A Boston Marathon Bombing Survivor Shares Her Emotional Journey to Cross the Finish Line

Boston Marathon bombing survivor Rebekah Gregory is stronger than ever. Tomorrow she will be returning to Boston, but this time as a runner. Consider that for a moment. Around this same time two years ago, Rebekah was lying in a hospital bed, fighting for her life. One year ago, she was in a wheelchair, unable to walk. But come this Marathon Monday, she'll be crossing the finish line with more than 30,000 other runners.

With the use of a prosthetic blade and the tremendous progress that Rebekah has made in rehab, she told espnW that her doctor gave her the go-ahead to run the last 3.5 miles of the race. As for next year, Rebekah's goal is to complete all 26.2 miles. In a recent Facebook post, Rebekah shares her emotional journey back to Boston and how "there's no stopping [her] now."

"It is extremely emotional to look back on the last two years of my life. To remember what it felt like to be bleeding out on the pavement, wondering if I would ever see my child's smile again. In a matter of minutes, my entire world changed. Everything I knew was literally blown to pieces, and I was forced to start picking them up one by one.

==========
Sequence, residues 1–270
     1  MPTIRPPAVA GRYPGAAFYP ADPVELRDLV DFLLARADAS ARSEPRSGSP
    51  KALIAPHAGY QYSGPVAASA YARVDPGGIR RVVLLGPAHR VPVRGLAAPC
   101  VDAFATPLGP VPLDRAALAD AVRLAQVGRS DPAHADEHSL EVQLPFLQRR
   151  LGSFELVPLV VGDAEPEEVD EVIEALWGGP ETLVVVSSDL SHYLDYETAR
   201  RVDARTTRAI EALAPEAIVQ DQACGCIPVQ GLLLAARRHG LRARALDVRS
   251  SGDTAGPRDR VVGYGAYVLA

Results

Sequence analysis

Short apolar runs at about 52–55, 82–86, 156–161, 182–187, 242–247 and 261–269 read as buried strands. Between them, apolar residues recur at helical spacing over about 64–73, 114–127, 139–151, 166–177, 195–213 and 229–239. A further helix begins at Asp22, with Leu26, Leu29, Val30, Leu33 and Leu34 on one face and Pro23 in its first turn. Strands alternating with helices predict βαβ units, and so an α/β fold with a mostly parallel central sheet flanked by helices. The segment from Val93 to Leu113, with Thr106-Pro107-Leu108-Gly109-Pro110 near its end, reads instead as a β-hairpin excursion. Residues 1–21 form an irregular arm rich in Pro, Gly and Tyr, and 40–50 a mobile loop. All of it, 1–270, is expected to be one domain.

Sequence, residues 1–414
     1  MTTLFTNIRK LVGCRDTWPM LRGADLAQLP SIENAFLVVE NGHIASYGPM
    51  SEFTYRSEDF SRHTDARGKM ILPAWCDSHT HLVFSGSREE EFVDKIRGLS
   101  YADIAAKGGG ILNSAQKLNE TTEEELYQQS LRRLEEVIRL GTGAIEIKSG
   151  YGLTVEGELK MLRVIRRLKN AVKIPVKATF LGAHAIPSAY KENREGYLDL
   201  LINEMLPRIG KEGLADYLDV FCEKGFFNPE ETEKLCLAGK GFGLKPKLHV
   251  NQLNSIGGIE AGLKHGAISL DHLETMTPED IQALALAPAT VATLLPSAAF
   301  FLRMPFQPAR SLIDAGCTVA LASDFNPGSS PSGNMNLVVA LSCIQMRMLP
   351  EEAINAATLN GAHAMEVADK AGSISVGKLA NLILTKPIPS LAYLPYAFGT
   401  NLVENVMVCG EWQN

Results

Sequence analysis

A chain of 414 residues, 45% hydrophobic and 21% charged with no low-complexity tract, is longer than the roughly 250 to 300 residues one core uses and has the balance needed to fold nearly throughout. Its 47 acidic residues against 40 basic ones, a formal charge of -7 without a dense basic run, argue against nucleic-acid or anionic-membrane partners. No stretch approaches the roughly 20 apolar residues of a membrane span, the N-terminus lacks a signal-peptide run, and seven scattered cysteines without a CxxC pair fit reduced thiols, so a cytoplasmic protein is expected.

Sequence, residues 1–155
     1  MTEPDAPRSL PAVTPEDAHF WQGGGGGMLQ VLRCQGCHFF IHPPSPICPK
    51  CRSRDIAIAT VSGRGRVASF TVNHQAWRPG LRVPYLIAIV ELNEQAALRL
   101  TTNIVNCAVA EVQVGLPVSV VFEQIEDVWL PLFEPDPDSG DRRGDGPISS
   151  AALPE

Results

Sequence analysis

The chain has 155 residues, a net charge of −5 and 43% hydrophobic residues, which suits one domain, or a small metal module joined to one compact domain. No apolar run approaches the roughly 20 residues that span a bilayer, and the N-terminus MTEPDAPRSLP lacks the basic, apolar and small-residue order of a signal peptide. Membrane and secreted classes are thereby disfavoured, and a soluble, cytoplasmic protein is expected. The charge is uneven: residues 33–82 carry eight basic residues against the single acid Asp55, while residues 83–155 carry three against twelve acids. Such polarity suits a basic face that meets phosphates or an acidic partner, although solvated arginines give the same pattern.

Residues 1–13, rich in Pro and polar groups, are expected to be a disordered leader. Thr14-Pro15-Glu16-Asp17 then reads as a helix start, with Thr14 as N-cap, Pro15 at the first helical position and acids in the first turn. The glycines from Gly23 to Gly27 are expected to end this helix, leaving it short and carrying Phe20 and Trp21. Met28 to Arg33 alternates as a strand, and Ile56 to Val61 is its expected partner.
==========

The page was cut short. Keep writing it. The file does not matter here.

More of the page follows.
"It's been a long road. Some days, I'm not quite sure how I have made it out of the bed. And if I'm being really honest, a few times, I haven't. But no matter what, there is one thing that I always keep in mind. I am BLESSED. And no matter how hard someone tries, they will never be able to take that away from me.

"A few days from now, I will be going back to that same pavement on Boylston Street. The pavement where I thought for sure I would die, and the pavement a year ago, I was pushed around on in a wheelchair at the 1k Tribute Walk. But guess what? This time I won't be laying on the ground in pieces, or having to be assisted because I can't do things on my own. This time . . . the only thing hitting the ground will be my running shoe, as I show myself and the rest of the world that I am back, stronger than ever . . . and there is NO stopping me now.

"Boston, I'll see you soon."